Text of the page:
From Rev Dr John Squires
Presbytery Minister - Wellbeing
The church is a community. A community where friendship is valued. A community where we gather together, look out for each other, and welcome other people who may come to join us. The church is, most of all, a friendly community.
During February and March, I was a regular and active participant in a community that shares all of these characteristics. It was a community that was welcoming and friendly, and it was comprised of people who were looking out for each other. But it’s not a church. It’s not a religious gathering.
Three mornings a week, for seven weeks, I was with the other people of my community. There was never more than a dozen there, and some days there have been only half that number. But the numbers don’t matter; it’s the friendship and the sense of belonging that matters. There’s always a strong sense of belonging, of commitment to a common cause, of being a community together.
The group is comprised of people, like myself, who share a common recent experience. We have all been in hospital, in recent times, to have joint replacement operations. The meeting place for this group of people is the Rehab Centre at the hospital where the operation took place. The program for each gathering involves one hour of exercise, under the oversight of a Physio, in the rehab gym; followed by 45 minutes of hydrotherapy in the heated pool that is adjacent.
The group thus has a common goal: we all want to work hard, to ensure that our operated bodies return to normal. We want to be able to bend our knee which has a new replacement part, as well as we can bend or other knee. We want to be able to sit, bend, and swivel using our hips, without constraint from the hip that now has a replacement joint.
So we encourage one another as we exercise. We share jokes, we sympathise about pain levels, we compare stories about distrusted sleep, we rejoice when somebody’s knee bend is measured as having moved five degrees over the weekend! There is a communal sense as we each individually go about our separate personal training programs.
Another fascinating feature of this group is the transient nature of the group. When I started, still hobbling on two crutches, scarcely able to bend my operated knee to 90 degrees, some people in the group were at week five or week six — walking without crutches or walking stick, ending and flexing, looking almost “normal”.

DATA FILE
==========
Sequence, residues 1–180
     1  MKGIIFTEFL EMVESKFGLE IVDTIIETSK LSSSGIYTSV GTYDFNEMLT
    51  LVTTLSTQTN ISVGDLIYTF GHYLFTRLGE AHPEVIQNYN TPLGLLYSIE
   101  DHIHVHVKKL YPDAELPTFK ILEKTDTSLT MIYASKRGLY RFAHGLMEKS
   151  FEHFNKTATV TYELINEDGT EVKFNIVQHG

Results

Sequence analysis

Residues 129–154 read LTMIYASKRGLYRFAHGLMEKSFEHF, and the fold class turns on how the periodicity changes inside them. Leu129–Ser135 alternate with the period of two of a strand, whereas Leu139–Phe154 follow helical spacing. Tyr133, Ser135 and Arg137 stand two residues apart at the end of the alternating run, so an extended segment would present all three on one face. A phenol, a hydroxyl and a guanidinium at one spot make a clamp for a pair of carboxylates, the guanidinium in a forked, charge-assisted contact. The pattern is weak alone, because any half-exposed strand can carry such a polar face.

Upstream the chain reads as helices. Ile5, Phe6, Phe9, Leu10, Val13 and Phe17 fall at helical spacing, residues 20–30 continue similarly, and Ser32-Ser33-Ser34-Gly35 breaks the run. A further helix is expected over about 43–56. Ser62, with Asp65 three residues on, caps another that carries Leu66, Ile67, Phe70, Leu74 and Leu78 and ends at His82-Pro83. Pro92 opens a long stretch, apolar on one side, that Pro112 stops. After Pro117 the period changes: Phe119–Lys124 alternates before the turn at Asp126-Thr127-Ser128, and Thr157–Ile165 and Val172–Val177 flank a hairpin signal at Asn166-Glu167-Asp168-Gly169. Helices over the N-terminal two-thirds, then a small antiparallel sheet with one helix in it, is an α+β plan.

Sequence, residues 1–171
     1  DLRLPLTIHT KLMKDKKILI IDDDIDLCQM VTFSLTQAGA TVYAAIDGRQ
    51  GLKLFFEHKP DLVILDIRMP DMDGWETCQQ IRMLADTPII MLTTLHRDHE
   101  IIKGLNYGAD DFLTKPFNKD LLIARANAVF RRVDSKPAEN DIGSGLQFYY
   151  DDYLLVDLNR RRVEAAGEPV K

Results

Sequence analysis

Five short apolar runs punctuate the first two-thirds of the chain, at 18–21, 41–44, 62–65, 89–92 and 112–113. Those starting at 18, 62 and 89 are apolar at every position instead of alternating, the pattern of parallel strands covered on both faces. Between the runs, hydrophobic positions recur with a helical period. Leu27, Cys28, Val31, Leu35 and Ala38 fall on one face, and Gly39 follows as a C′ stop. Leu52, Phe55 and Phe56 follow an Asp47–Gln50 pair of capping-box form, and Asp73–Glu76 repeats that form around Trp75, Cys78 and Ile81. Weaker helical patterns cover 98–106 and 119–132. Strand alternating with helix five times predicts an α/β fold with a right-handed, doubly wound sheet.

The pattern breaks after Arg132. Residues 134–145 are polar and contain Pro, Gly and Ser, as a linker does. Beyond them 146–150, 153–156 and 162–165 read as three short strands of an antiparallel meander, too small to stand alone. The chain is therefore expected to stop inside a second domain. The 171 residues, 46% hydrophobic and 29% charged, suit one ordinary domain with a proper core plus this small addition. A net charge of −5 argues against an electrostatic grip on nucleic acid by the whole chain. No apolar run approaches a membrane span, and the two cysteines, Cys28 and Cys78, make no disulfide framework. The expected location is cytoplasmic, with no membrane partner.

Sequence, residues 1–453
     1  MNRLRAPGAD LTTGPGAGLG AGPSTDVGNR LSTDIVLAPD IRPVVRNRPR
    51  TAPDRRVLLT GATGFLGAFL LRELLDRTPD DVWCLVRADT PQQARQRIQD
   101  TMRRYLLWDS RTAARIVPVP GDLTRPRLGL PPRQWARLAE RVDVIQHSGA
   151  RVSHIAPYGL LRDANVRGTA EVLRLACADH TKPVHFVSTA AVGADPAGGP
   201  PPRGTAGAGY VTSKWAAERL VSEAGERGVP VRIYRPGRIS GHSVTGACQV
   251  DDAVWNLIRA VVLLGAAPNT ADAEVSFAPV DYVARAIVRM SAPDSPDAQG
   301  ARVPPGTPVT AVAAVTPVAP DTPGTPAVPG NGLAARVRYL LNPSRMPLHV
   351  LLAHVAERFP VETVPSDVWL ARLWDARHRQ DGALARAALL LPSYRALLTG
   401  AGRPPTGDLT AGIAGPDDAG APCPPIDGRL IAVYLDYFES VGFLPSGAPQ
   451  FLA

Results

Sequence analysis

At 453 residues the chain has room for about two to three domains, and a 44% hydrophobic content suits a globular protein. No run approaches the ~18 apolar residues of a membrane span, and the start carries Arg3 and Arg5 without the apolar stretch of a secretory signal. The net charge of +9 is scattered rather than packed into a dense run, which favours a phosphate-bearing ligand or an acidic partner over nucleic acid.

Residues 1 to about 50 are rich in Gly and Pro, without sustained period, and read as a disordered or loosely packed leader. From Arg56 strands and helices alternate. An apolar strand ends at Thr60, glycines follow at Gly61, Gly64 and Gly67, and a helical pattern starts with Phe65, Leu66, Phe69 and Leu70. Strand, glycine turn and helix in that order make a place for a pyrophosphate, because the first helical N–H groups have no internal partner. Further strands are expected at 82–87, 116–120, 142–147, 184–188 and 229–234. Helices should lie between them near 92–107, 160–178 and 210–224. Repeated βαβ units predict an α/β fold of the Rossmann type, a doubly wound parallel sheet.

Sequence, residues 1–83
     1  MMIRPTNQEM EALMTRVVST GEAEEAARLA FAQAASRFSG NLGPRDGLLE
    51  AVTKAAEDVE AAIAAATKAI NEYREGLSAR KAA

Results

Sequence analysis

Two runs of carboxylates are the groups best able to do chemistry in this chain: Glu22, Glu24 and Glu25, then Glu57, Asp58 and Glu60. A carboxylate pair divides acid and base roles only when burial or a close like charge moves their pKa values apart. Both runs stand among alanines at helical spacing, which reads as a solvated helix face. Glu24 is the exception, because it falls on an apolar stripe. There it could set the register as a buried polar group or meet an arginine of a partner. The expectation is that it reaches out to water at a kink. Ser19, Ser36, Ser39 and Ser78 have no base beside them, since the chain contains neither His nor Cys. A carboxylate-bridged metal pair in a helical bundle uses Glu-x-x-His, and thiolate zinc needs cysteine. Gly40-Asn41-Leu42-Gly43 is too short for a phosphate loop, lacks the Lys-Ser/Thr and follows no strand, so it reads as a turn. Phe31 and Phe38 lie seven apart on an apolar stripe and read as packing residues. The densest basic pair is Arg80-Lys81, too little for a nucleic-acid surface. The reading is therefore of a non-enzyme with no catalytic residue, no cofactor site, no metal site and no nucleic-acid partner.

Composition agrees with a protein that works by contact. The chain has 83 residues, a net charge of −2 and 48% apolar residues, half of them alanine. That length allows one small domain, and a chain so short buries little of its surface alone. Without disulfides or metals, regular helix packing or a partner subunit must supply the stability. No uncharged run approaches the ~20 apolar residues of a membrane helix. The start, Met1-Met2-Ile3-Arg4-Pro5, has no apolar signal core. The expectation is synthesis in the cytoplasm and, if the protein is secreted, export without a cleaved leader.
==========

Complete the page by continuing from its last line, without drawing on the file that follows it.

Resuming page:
As they completed the program and left, and as I moved through week two—discarding one crutch— and then week three—moving to a walking stick—other people joined the group, with their crutches and restricted movement. And as they came, they were made to feel welcome: what’s your name? which leg was operated on? how is your pain level? how are you coping at home? what did you think about last night’s tv programme?
We welcomed new people, even as we ourselves had been welcomed in earlier weeks. And we established common interests, swapped stories, and shared personally, with these “newcomers”. It was a constantly changing group, always evolving in terms of membership and interests. Yet always, still, a group.
How many characteristics in what I have just described reflect the way that we think about, and talk about, church? A gathering of separate individuals, joined by a common goal, sharing stories, finding the point of contact, experiencing joy and laughter, working hard, welcoming new people, and progressing on in our individual goals whilst always holding the community together.
Many of these correlate with the ways that Andrew Smith has been encouraging us to act, as we seek to reach out beyond our established communities of faith, to make connections with people rightbwhere they are, to use this as a basis to share the Gospel, even to establish fresh expressions of church.
You might like to run a checklist of these factors through your own experience of your faith community. How are you doing in your place, with your group of people, at incorporating all of these characteristics into your faith community?
Having told the story of this community of which I have been a part for those enjoyable seven weeks, I want to add one further note: because I wasn’t able to drive for most of these weeks, and because Elizabeth was busy with her own ministry commitments, I was very glad to have the support of people from my home Congregation at Tuggeranong, who gladly drove me to the rehab sessions, and in some cases also drove me back home again.
Many thanks to Bill Lang (who drove me both to and from the sessions), Anne Vorobieff, and Iain Middleton over those weeks, as well as Ian Willis and Kayelene Sanders who stepped in on one week. Elizabeth and I are very grateful for your transporting me!
Rev Dr John Squires
Canberra Region Presbytery
Uniting Church in Australia
0408 024 642
blogs on ‘An Informed Faith’